Shelton cites statistics to show that the childbed death rate in the mid-18th-century was less than 2%. Based on the birth and death rates and the population of London at the time, he estimates that there would have been about 200 childbed deaths per year.

He argues that women who died in their 9th month of pregnancy would have been rarer still. Shelton suggests that very pregnant cadavers would have been extremely rare because a significant percentage women who suffered lethal illnesses or accidents in their 9th month would have miscarried before they died.

But even at their most productive, the two doctors were only seeing about five of their target subjects a year, on average. Five out of 200 doesn't seem that incredible.

The author also maintains that it would have been very difficult for grave robbers to find these rare specimens: Death notices were rarely published in those days and corpses usually went directly from home to the graveyard without a detour through a funeral home or some other central location that thieves could monitor.

Personally, if I were an 18th-Century anatomist who needed a steady supply of "special" cadavers, I'd start bribing vicars. If you pay for the new church roof, I'm sure it's amazing what you can find out about who's buried where.

So, the paper gives us good reason to doubt that Smellie and Hunter got all their cadavers through the standard grave-robbing channels. But that's hardly proof that the two men commissioned mass murder for hire.

Smellie and Hunter were famous obstetricians. They worked with pregnant and birthing women. In an era where most childbirth was handled at home, they probably served a disproportionately sick patient population.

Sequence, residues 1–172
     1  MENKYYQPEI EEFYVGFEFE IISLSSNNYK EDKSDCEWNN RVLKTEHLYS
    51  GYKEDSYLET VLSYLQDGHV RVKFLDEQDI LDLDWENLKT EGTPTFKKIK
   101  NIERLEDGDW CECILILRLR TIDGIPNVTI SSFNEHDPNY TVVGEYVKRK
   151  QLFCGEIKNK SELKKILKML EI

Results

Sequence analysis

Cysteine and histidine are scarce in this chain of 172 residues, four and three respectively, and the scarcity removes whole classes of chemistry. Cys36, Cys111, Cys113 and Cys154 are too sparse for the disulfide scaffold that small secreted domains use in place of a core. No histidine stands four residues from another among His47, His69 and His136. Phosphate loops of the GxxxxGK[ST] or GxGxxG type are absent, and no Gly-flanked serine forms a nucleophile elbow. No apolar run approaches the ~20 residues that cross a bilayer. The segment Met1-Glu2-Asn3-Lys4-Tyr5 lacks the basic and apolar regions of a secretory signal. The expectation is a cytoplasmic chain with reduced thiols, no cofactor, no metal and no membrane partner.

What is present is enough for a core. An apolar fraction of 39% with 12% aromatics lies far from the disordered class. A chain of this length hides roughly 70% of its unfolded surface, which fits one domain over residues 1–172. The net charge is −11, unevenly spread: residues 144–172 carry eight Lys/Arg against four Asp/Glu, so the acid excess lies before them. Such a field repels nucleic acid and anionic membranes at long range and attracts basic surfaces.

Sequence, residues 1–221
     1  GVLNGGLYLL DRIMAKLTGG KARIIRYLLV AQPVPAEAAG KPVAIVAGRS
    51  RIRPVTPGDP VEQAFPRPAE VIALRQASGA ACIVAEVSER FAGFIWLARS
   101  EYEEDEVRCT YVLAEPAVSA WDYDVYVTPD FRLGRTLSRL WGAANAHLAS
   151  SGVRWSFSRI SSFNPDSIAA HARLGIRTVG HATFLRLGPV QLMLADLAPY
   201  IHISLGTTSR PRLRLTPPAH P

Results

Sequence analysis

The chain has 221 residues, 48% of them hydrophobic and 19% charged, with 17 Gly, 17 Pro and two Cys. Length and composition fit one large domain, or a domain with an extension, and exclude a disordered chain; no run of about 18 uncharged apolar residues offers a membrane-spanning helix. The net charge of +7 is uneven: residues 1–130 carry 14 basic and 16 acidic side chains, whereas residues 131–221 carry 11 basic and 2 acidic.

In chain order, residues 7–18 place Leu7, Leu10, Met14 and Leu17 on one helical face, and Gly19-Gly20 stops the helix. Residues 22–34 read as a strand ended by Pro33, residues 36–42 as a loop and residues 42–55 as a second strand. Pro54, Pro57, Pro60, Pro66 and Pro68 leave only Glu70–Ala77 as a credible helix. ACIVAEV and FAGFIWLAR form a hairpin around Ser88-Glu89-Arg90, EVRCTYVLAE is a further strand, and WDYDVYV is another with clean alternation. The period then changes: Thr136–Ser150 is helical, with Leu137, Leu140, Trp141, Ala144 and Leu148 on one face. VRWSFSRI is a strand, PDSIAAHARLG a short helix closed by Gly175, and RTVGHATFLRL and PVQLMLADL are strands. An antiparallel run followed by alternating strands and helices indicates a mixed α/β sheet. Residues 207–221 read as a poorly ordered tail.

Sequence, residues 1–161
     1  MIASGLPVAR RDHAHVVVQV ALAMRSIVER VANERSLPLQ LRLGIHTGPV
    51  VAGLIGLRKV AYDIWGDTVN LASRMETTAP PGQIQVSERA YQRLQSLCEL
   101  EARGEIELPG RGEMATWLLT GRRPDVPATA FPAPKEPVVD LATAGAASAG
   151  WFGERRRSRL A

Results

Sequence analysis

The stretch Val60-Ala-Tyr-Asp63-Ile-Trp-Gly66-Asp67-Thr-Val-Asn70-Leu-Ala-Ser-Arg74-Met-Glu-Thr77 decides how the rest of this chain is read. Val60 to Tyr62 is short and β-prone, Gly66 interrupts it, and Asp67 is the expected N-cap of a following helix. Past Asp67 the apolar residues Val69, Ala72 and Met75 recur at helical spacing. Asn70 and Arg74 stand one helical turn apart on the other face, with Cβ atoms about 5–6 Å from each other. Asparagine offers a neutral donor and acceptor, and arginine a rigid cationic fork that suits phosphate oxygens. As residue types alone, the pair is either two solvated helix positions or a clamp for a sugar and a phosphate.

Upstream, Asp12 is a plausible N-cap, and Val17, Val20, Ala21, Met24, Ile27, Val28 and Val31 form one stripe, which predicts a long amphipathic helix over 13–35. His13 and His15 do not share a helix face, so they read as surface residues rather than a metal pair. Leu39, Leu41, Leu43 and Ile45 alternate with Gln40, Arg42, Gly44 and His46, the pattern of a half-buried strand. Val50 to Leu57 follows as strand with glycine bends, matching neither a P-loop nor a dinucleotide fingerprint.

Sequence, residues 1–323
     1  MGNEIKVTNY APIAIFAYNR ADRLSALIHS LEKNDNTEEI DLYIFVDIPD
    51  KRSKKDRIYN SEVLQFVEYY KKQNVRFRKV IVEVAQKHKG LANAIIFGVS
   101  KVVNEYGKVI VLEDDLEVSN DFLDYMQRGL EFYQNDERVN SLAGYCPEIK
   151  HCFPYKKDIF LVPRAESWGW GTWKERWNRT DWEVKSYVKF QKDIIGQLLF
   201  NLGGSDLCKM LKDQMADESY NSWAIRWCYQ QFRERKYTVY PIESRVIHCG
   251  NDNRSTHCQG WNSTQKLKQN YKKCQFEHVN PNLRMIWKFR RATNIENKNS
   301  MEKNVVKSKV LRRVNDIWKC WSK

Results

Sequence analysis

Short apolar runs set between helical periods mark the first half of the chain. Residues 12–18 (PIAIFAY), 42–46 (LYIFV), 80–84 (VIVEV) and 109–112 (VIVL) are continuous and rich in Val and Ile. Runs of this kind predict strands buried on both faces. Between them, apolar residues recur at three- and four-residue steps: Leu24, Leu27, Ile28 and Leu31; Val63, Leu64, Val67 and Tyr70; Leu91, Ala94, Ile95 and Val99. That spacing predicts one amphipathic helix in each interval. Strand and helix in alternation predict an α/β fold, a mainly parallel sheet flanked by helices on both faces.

Let's not forget that primitive obstetrics was really dangerous--no doubt in part because because science was still sketchy on pregnant female anatomy. If anyone was well-situated to tip off grave robbers about dead pregnant women, or take liberties with their corpses, it would have been 18th-century obstetricians.

As the author points out, Smellie and Hunter were rich and well-connected men. He implies that they could have gotten away with murder. On the other hand, if they could have gotten away with murder, they presumably had enough privilege to get what they wanted by less drastic, if socially unacceptable means. 

Shelton claims the following passage, written in 1818, is a smoking gun. The author was describing a plate in Smellie's atlas that features twins:

“Dr MacKenzie being then an assistant to the late Dr Smellie, the procuring and dissecting this woman without Dr Smellie’s knowledge, was the cause of a separation between them, for the leading steps to such a discovery could not be kept a secret."

Smellie died in 1763 and 55 years later, some guy claimed that an associate of Smellie's obtained the corpse by unspecified (but presumably sketchy) means without Smellie's knowledge. This is supposed to be a smoking gun? Really?

Shelton gives us no reason to assume that Smellie and Hunter were monsters. Why immediately jump to the conclusion that they were murderers? There have been killers in the name of science and medicine, but they've always been a tiny minority among scientists and for that matter, a very small subset of murderers. Shelton's wild allegation seems absurd unless you buy into some nasty stereotypes about doctors and scientists.

He makes no attempt to rule out less brutal schemes by which they might have improved their odds relative to common grave-robbers. Could they have performed unauthorized autopsies on pregnant patients who died of natural causes? Bribed the families of the deceased? Stolen the bodies of their own indigent patients? If a body was returned to the family with an incision in the abdomen, the obstetricians could always claim it was a cesarean section.